Low water pressure issues can be caused by your hot water heater, clogged aerator screens, pressure reducing valve problems, an issue with your water shutoff valve or even something as simple as a pipe leak somewhere in your plumbing system.
But what if you are having low water pressure problems when you are using more than one faucet? What could be causing that specific problem?
The answer is most likely an issue with a one or more ball valves. Of course it could be another cause or causes as well - a professional plumber would be able to identify the issue and fix it. But for this article, let's assume it's the most common cause - which is a problem with one or more ball valves.
What Does A Ball Valve Do?
A ball valve is a very common shut-off valve. They are used in both residential and commercial plumbing to turn the water on and off without affecting the water pressure.
The ball creates a powerful, watertight seal within the valve, preventing any fluid from escaping. Due to this tight seal, they’re also common in natural gas and chemical applications. Ball valves are also ideal for emergency applications where water needs to be cut off quickly and with ease. - freshwatersystems.com
So if the ball valve has broken or deteriorated in any way - you may end up having a problem with your water pressure when you turn on more than one fixture.
The solution here would be to replace the ball valve and if you have more than one - replace them one at a time and test your water pressure after each replacement.
What If the Low Water Pressure Problem Persists?
If replacing the ball valve didn't do the trick, or you suspect that something else is causing the low water pressure problems then you can do the following.
Replace The Aerator Screens In Those Faucets
It seems unlikely but it's certainly possible that the aerator screens on both faucets have become clogged. This would certainly be an easy fix so here are the steps how to clean out your aerator screens.
1. Use a pair of pliers to unscrew it. But cover the aerator with a washcloth first to avoid scratching it.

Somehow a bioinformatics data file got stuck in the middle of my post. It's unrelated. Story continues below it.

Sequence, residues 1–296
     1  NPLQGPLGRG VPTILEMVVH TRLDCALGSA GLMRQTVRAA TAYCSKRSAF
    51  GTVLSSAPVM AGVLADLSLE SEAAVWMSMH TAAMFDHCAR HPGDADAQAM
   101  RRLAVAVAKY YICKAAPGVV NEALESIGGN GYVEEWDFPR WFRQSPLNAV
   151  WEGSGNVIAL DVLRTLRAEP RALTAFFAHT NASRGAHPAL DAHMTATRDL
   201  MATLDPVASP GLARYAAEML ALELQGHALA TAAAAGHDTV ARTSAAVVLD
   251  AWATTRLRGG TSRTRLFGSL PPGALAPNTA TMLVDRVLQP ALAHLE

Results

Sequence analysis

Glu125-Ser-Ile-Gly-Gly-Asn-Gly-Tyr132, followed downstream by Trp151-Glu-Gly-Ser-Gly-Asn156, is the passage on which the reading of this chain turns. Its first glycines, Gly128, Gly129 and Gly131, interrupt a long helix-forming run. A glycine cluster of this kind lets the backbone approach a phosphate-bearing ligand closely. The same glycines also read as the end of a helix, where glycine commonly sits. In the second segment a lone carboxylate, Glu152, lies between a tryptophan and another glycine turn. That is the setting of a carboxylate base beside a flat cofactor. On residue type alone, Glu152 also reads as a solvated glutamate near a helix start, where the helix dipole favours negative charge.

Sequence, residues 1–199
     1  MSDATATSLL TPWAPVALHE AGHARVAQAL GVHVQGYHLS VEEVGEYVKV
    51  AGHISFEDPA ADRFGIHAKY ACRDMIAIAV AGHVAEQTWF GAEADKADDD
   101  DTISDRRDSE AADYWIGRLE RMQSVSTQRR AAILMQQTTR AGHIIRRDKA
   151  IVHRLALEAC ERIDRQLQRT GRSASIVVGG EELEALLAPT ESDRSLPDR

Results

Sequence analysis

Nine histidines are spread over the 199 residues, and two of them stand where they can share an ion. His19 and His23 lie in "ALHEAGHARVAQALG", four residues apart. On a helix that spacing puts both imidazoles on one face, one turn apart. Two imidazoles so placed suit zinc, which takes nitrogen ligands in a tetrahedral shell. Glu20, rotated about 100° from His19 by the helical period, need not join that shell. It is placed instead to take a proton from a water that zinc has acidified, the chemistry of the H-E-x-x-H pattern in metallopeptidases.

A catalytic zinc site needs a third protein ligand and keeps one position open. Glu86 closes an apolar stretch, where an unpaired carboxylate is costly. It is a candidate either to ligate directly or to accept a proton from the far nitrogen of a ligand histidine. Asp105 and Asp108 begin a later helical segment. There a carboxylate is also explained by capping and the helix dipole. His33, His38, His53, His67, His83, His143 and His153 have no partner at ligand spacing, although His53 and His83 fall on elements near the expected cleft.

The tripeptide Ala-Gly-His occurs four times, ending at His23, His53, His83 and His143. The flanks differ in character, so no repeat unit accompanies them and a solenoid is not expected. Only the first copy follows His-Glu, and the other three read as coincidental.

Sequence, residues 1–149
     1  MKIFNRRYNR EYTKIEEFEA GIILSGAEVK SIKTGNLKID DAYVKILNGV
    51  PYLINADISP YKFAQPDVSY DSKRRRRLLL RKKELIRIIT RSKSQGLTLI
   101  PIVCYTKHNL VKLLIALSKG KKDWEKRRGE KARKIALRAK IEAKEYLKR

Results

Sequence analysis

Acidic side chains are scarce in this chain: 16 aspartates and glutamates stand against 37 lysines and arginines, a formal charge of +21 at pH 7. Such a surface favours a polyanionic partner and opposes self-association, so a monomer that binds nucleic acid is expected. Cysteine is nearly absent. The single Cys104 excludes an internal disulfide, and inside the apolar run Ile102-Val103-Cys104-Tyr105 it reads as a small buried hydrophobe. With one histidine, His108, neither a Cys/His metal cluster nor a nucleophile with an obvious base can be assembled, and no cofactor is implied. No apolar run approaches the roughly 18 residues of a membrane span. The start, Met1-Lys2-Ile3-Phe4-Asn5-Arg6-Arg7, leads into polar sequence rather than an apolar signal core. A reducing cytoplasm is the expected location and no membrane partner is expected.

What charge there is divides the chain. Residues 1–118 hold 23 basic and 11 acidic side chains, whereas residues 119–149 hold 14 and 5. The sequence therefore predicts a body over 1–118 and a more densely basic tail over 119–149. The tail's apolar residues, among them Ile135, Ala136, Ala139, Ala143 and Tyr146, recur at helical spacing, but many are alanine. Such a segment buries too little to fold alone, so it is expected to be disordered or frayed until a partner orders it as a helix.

2. Disassemble it and clean it out.
3. Once you put it all back together screw it back onto the tip of the faucet.
4. Check the water pressure again to see if that did the trick.
5. If you find that the water pressure is still low - you can continue disassembling the faucet and cleaning out each area and then replacing it and of course testing it again.
Just a note of caution here - you may not be able to clean out your faucet - depending on how much sediment has been accumulated, the age of the faucet, etc. In this case - it may just be time to get a new faucet.
A Problem With Your Water Pressure Regulator
Water pressure regulators control the incoming pressure. Depending on design and condition of the inline filter, they can also greatly effect the pressure of water that is coming through your pipes.
Pressure regulators are mounted inline on the incoming water supply and can be exposed or buried. Like anything else, they can also wear out after some time so checking this and possibly replacing it may fix your low water pressure problems.
A Problem With The Main Water Meter
If there's a problem with your water meter or for some reason it's been turned off - then you will more than likely have problems with your water pressure.
So, check that your curb-side main water meter is completely turned on. If it's locked (some cities won't allow you to mess with the main water meter) contact your water department to send someone out to help you.
A Problem With Your Water Main Valve
Another possible source of your problems may be with your water main valve. This is the main valve in your home that turns off the water to every part of your home. Just like any other valve, it can become corroded or faulty after some time so you will also want to check your water main valve.
It may be that it's not (for whatever reason) turned on all the way or some parts of the valve have decayed and need replacing.
A Problem With Your Hot Water Heater
Check the water pressure from every faucet in your home by turning on the cold water (then turn it off) and then turn on the hot water. If the problem with the pressure is only with the hot water - then the culprit is more than likely your hot water heater. If you determine that it may be the hot water heater then you will want to check it for problems with it leaking.
Pipes Are Leaking and/or Corroded
Normally, if you have a leak or corrosion in your plumbing system you would notice low water pressure throughout your home. But it may be that the problem pipes are closer to the faucets that are having the problem. A professional plumber would need to be called in to assess the issue and fix the problem.
If you have any questions about low water pressure or are having some problems with it, call Atlantis Plumbing today at 770-505-8570. We are available 24 hours a day, 7 days a week.
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